Saturday, September 21, 2013

Stories I Found Of Interest (weekly)

    • Dish Network Service, the satellite TV company, provides a typical example of the tablet and smartphone innovation we saw this year. Dish gave 15,000 field technicians Samsung Galaxy Note "phablets" on which they do all their work. Each device replaces three: a tablet PC, push-to-talk phone and in-vehicle GPS. The consumerization payoff comes from having a dramatically cheaper tech platform (several million dollars in savings the past year, the company says) and doing less training because the interface is familiar and easy to use.
    • All proper human interactions are win-win; that’s why the parties decide to engage in them. It’s not the Henry Fords and Steve Jobs who exploit people. It’s the Al Capones and Bernie Madoffs. Voluntary trade, without force or fraud, is the exchange of value for value, to mutual benefit. In trade, both parties gain.
    • It turns out that the 99% get far more benefit from the 1% than vice-versa
    • For a couple of reasons: it opens a door to new set of applications such as indoor maps and in-store marketing, it makes the internet of things a realty and it might kill NFC (near-field communications), the wireless technology most linked with mobile payments
    • Using Bluetooth Low Energy(BLE), iBeacon opens up a new whole dimension by creating a beacon around regions so your app can be alerted when users enter them. Beacons are a small wireless sensors placed inside any physical space that transmit data to your iPhone using Bluetooth Low Energy (also known as Bluetooth 4.0 and Bluetooth Smart)
    • Just like NFC, iBeacons even allow you to pay the bill using your smart phone. The best part? iBeacon can run for up to two years on a single coin battery and it comes with accelerometer, flash memory, a powerful ARM processor and Bluetooth connectivity
    • On the other hand, iBeacons are a little expensive compared to NFC chips, but iBeacons range is up to 50 meters. Not all phones have NFC chips, but almost all have Bluetooth capability.
    • Several months after calling for legislation to unlock cellphones, the White House filed a petition with the Federal Communications Commission on Tuesday asking that all wireless carriers be required to unlock all mobile devices so that users can easily switch between carriers.
    • With so many competitors in such a relatively small but rapidly growing market, it is highly likely that price wars will soon start to ripple across the market. Rising competition means smaller margins, which will inevitably push some smaller competitors out of the market.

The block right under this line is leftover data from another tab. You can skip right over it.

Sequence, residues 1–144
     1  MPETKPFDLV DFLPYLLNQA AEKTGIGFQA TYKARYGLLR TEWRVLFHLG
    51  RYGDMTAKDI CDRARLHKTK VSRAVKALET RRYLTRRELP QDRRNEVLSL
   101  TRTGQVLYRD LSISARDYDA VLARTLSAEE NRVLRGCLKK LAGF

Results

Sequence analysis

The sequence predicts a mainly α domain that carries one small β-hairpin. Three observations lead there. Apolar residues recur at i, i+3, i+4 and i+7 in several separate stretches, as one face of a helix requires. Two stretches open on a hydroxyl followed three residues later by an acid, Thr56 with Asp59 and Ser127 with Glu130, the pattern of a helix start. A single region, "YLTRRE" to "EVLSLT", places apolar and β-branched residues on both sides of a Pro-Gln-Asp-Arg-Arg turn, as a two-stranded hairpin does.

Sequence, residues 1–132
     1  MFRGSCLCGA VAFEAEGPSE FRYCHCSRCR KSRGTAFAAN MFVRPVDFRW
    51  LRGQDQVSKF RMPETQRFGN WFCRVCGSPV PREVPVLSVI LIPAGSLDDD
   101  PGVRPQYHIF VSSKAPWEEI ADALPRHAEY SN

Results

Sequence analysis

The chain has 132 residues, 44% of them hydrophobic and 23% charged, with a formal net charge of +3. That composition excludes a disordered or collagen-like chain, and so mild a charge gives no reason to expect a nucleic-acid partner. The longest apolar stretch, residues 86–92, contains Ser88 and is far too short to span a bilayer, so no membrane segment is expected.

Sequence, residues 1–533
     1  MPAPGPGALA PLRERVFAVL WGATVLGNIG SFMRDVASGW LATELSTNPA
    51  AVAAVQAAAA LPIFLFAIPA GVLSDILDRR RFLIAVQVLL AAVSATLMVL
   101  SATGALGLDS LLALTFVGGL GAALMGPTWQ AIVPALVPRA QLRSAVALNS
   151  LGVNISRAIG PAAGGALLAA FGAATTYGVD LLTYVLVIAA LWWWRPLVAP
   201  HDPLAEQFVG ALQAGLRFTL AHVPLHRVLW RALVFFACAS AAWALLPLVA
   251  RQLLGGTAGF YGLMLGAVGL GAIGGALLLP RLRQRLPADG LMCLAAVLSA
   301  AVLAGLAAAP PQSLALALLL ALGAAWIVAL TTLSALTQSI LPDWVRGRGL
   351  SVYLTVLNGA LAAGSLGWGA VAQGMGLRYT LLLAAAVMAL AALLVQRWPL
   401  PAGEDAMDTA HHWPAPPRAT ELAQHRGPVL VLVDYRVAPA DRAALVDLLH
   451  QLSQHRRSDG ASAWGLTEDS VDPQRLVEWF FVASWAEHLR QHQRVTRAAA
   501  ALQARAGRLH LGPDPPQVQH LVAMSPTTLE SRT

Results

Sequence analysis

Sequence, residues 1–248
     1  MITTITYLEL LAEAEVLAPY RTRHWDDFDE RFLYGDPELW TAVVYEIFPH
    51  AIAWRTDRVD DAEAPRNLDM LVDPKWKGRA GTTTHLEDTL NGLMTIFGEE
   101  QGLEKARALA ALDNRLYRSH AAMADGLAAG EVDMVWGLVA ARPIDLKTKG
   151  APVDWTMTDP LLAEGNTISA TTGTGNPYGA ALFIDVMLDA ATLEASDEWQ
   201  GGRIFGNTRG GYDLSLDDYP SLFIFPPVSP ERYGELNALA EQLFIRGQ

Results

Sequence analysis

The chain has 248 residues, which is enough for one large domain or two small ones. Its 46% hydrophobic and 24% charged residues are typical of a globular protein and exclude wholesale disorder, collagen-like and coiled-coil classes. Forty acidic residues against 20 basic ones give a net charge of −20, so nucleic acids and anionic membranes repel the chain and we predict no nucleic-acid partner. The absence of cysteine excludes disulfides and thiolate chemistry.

• All of these factors point to one conclusion: Big tobacco has the ability to lock out smaller competitors.
    • All in all, e-cigs may be one of the fastest-growing and most disruptive technologies to hit the market this year. With so much competition now hitting the market, however, it could be wise to stand back and only back the winners -- when they emerge
    • Student debt in the U.S. economy is taking the shape of a bubble
    • The U.S. government has effectively become the biggest creditor to students. It has gotten to a point where it is forcing the big banks to move away from issuing student debt
    • Soon, your heart and your body might be used to keep track of just about everything if new technology is able to unlock “pulse passwords”.


      Your heartbeat reveals more about you than your health, Bionym chief executive officer Karl Martin explained.

    • Our heartbeats are as unique to us as our fingerprints and now they are being used to replace passwords, key cards, and bank cards,
    • The new technology could pose considerable roadblocks for hackers because heartbeats cannot be replicated.
    • Because the constitutional protection of the Fifth Amendment, which guarantees that “no person shall be compelled in any criminal case to be a witness against himself,” may not apply when it comes to biometric-based fingerprints (things that reflect who we are) as opposed to memory-based passwords and PINs (things we need to know and remember).
    • The privilege against self-incrimination is an important check on the government’s ability to collect evidence directly from a witness. The Supreme Court has made it clear that the Fifth Amendment broadly applies not only during a criminal prosecution, but also to any other proceeding “civil or criminal, formal or informal,” where answers might tend to incriminate us.

Posted from Diigo. The rest of my favorite links are here.

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